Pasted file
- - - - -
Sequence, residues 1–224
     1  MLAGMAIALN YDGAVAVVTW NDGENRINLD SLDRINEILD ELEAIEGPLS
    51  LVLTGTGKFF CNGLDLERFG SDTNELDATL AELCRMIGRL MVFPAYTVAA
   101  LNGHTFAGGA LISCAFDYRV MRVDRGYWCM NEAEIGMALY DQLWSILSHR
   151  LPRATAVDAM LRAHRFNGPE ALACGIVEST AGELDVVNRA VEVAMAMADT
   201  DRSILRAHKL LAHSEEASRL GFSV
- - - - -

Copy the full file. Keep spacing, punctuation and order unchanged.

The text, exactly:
Sequence, residues 1–224
     1  MLAGMAIALN YDGAVAVVTW NDGENRINLD SLDRINEILD ELEAIEGPLS
    51  LVLTGTGKFF CNGLDLERFG SDTNELDATL AELCRMIGRL MVFPAYTVAA
   101  LNGHTFAGGA LISCAFDYRV MRVDRGYWCM NEAEIGMALY DQLWSILSHR
   151  LPRATAVDAM LRAHRFNGPE ALACGIVEST AGELDVVNRA VEVAMAMADT
   201  DRSILRAHKL LAHSEEASRL GFSV